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Beware of the challenges of being an executor of an estate

When a loved one or a trusted friend in British Columbia asks you to be the executor of his or her estate, it is a great honour. It shows that he or she regards you as a trustworthy person who will be able to handle the necessary tasks to close the estate. These include the collection of assets, settlement of debts, filing of the necessary tax returns and the distribution to the beneficiaries.

However, be aware that you have a choice if you are asked to be an executor, and the acceptance of the appointment is up to you. It is important to understand the challenges you will have to face before you give your approval to take on the responsibility.

Challenges an executor can anticipate

Although the task of an executor is challenging, it is necessary -- and if you are the right person for this role, here are some responsibilities of an executor, along with some suggestions for how to address them:

  • You can decline -- You may find the circumstances unworkable for various reasons, thus you may waive the appointment. The court will likely then appoint an estate administrator to take over the duties. Another option is for another person to file an application to be the estate administrator with the court.
  • Disputes with heirs -- As the executor, you will stand between the beneficiaries and the deceased person, and you may have to exercise control over heirs who try to help themselves to heirlooms at will. Distribution is the task of the executor, and you may have to deal with family disputes -- especially involving the sale of goods and distribution of proceeds. It may help to explain the wishes of the deceased to all heirs as soon as possible after the death, and to secure the assets and the home immediately.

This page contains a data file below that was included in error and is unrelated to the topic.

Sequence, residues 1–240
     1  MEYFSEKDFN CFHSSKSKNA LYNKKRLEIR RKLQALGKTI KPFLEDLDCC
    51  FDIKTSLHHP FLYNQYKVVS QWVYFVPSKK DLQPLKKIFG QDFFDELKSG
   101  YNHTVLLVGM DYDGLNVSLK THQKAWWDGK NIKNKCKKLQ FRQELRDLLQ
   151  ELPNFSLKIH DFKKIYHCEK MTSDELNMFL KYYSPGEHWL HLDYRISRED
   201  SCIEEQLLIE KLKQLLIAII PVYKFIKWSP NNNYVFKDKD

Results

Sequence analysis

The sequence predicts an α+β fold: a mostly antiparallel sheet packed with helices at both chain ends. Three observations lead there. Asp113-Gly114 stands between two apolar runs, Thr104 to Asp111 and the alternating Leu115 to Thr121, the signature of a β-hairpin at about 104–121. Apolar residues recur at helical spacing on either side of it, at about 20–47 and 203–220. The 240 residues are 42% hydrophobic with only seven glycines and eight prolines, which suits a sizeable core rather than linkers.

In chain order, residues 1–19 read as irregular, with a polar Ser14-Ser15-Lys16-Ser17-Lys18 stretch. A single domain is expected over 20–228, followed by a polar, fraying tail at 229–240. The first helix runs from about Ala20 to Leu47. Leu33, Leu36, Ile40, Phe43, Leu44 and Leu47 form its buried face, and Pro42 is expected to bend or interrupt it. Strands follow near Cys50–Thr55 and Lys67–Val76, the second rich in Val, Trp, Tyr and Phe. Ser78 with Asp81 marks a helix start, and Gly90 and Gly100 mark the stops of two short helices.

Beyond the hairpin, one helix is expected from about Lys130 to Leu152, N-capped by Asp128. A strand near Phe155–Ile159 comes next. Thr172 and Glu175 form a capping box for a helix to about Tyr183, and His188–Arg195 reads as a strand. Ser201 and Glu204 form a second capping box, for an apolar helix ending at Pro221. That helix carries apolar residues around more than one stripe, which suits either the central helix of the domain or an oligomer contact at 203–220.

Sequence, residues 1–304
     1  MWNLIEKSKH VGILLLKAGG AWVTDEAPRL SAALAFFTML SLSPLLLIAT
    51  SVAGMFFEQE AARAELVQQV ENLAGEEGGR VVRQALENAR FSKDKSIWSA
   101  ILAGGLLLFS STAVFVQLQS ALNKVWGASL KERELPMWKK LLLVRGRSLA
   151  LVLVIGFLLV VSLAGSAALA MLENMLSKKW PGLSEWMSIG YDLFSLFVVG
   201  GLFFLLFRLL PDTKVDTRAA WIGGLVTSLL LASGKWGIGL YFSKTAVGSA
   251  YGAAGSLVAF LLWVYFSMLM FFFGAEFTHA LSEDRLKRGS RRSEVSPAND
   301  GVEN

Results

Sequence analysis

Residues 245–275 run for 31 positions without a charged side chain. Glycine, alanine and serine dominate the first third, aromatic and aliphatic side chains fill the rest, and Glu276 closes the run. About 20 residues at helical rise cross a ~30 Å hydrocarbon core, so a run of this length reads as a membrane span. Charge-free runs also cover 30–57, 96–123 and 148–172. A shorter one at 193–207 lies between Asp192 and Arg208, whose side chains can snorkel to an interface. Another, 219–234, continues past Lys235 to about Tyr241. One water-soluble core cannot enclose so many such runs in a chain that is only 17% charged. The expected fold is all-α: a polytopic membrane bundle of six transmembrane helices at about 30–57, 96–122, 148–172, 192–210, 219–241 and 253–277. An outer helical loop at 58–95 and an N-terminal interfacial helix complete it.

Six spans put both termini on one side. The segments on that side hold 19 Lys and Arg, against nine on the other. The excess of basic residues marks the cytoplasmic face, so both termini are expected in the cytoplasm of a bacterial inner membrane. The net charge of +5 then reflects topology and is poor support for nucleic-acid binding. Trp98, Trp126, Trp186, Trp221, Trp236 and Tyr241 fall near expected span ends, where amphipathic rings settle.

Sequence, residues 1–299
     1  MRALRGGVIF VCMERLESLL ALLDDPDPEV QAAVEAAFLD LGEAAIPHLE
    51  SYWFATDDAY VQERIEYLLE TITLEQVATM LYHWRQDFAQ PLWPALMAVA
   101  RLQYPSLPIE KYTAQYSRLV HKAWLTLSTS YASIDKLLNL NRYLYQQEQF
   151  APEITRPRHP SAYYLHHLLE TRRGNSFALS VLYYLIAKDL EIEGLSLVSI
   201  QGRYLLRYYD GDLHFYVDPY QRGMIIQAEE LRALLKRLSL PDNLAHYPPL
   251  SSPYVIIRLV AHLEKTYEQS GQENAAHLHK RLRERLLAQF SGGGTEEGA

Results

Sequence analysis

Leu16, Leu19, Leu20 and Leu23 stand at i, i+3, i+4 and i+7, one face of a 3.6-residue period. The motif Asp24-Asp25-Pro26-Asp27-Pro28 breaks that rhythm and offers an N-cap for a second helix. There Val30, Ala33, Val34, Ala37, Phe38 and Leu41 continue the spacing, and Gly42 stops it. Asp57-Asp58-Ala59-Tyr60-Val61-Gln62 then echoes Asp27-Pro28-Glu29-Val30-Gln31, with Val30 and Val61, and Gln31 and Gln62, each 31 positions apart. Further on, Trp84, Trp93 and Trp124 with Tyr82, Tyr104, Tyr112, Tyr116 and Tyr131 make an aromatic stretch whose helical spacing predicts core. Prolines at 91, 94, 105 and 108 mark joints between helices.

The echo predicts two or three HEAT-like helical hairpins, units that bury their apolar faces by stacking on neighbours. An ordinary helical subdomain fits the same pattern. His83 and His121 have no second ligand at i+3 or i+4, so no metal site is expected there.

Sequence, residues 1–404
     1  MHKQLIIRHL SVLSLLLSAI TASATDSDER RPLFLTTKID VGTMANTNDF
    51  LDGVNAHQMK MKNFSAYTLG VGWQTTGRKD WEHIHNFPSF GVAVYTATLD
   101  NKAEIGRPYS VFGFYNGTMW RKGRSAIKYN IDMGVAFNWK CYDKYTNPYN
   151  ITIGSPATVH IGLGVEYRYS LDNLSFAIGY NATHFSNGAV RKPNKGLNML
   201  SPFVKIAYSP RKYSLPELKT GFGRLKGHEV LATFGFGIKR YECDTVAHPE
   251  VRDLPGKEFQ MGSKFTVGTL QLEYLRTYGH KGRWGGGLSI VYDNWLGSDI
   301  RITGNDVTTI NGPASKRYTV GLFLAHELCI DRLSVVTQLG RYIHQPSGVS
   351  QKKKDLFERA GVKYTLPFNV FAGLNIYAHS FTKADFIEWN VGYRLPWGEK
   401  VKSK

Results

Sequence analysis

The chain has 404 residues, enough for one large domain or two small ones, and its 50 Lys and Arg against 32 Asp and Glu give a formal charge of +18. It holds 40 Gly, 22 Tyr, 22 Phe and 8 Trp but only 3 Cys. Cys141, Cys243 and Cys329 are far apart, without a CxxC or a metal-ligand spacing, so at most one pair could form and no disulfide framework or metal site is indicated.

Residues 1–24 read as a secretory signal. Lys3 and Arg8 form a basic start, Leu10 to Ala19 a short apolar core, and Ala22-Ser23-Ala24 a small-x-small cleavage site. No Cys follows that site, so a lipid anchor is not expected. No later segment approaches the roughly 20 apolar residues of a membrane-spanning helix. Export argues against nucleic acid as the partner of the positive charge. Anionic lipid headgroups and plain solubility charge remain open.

• Time drain -- The time-consuming tasks will include dealing with the liabilities and debts of the deceased person. This includes paying any owed taxes and filing the final Tax Return in the Year of Death. This will require reporting any income -- including the disposal of goods in the estate -- in the period from Jan. 1 of that year until the date of death. You do have the option of asking the estate lawyer or other professionals to handle these tasks if needed.
  • Personal liability -- If you fail to pay all the owed taxes before you pay the heirs and the remaining funds are insufficient to cover tax obligations, you could be personally liable. Make sure the beneficiaries understand that you must settle all the amounts owed to those who have legitimate claims against the estate before they can receive inheritances.
  • Accounting – You will be responsible for keeping track of all expenses related to the administration of the estate while following provincial laws and the wishes of the deceased according to the will.

There is always a quick succession of events immediately after a loved one's passing, and while some tasks, such as the arrangements for a funeral will need immediate attention, other duties -- such as estate administration -- can wait until you have had time to deal with the loss. If you want to have questions answered before accepting an appointment as executor, or if you need guidance and advice in carrying out the tasks in your role as executor, you are free to secure legal counsel.

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